These are some of my activities that fill my soul and lead me back to energy wholeness:

  1. Reading – all my life, I have been a voracious reader. As a youngster, I was always at the library signing out books. I recall my Mom trying to get me to play outside when I was deep into a book. Time drifts away and I am totally engrossed in another world. When I look up, sometimes I notice that my dog has been bringing toys to catch my attention. They will be ringed around my feet. When I don’t notice after a period of time, the whining and barking starts.
  2. Music – listening to music is soothing depending on your music of choice. When I’m tired, I gravitate to classical, new age, and spiritual music. Something instrumental or inspiring. If I need energy for a task when I’m tired – like cleaning the house – I will put on music with a great beat. Then I end up dancing around the house in between cleaning. Got to make it fun.
  3. A Walk – there is nothing like a walk outside with my dog. This walk when I’m really tired or lethargic is not my power walk for fitness. This will be my walk to look around and enjoy nature, stop to notice a flower or a view, to sit on a bench and meditate, to visit with a fellow walker, or to just breathe deeply and enjoy the fresh air.
  4. Knitting – this is a quiet activity that helps my brain unwind. I feel as though I’m accomplishing something at the same time I am relaxing. I can knit and visit or knit and watch TV. I used to study and knit when I was going to school. During rehearsals when I was in the theatre, I’d knit so I could keep on top of what was happening and be ready when they needed me. If I was reading, I might get too involved in my book and miss a cue.
  5. Cooking – sometimes making soup or a great meal can be relaxing on a down day. When the boys were all at home, I’d spend time making muffins or bread. I’d look up new recipes to expand our menus. I could do this at a leisurely pace throughout the day as I restored my energy bank.
  6. Afternoon Nap – when I’m really tired, an afternoon nap is required. I try hard not to get to this place, but when I do, I know I’ve reached my limit. It’s called STOP and RESTORE. Nothing gets accomplished past this point. Since I’m not one to take regular naps as my mother did throughout her life, my naps happen at the bottom end of my energy cycle. If I were smart, I might add them in as a regular part of my day, but I remember resisting afternoon naps when I was going to school. My mother insisted on them the days I had evening performances. I gave her grief for having to lie down, but they did work. I could get up for school the next morning. Mother knew best.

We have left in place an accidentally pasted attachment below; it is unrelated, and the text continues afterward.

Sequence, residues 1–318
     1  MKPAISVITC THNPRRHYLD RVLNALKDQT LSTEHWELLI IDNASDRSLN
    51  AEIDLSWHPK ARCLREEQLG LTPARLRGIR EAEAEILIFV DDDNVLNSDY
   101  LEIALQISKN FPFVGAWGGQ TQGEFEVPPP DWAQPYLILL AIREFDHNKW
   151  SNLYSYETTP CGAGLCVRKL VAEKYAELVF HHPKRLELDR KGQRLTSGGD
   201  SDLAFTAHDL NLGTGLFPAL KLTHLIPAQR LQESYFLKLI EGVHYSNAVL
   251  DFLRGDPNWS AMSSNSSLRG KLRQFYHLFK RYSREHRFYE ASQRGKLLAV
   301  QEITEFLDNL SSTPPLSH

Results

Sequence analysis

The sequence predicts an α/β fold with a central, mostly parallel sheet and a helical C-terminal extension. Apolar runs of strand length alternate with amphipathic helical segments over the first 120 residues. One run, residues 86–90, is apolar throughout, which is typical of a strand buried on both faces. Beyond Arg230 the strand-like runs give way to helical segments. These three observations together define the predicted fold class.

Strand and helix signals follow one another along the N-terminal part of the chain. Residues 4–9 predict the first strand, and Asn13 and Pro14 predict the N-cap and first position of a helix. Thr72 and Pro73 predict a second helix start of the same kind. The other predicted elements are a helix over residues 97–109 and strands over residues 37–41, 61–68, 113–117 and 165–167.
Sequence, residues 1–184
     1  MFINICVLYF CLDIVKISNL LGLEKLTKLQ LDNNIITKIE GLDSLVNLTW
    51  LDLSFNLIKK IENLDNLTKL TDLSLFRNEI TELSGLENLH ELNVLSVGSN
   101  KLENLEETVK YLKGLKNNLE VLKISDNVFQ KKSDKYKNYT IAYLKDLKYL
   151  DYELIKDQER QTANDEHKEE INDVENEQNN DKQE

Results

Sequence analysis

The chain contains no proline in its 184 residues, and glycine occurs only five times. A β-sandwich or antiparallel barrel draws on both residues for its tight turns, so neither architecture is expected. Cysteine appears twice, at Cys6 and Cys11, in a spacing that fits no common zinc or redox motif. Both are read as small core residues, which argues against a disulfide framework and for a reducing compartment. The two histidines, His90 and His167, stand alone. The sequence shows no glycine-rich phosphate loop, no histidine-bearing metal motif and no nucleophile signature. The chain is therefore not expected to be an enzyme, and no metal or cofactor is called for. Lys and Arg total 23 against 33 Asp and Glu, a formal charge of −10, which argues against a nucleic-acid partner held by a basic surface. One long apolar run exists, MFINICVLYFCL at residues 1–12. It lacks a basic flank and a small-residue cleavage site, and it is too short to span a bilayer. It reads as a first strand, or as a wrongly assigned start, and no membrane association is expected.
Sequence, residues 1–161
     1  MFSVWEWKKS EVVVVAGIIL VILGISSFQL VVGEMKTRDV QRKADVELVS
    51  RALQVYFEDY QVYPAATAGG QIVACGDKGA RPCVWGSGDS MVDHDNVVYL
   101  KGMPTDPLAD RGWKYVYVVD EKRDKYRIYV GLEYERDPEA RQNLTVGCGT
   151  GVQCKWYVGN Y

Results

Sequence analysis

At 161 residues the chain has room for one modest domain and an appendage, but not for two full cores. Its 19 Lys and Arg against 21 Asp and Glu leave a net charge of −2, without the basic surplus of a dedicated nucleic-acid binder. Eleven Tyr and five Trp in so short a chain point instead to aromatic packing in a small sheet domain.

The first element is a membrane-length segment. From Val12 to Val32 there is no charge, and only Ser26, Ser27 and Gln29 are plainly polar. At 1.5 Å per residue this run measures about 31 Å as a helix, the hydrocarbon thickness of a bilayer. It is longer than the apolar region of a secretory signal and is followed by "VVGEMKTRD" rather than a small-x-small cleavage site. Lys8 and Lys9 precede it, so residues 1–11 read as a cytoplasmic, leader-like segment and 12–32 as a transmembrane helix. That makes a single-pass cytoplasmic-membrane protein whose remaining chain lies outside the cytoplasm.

Finding your own individual pattern of energy cycles is important. We are all different. However, going through cancer treatment will definitely shift how you managed before cancer. Your energy reserves will be different and possibly even the signs. When you let your guard down, it affects the effectiveness of your immune system, a critical component for healing and wellness.

Down days will happen. Life is not perfect. We are not perfect. Learning how to manage those times is a process which will evolve over time. Just acknowledging that diminishing energy reserves are a reality is a first step to better health and management of this important resource. It took me a while to acknowledge that I needed to pay more attention and energy management was going to be an ongoing fact of life. This fact was hard for me, a high energy, driven person, to admit, but it was totally necessary for me to move forward into a future without cancer.

What about you? How are you managing? I’d love to hear how you are dealing with ‘down’ days. What helps you restore your energy bank?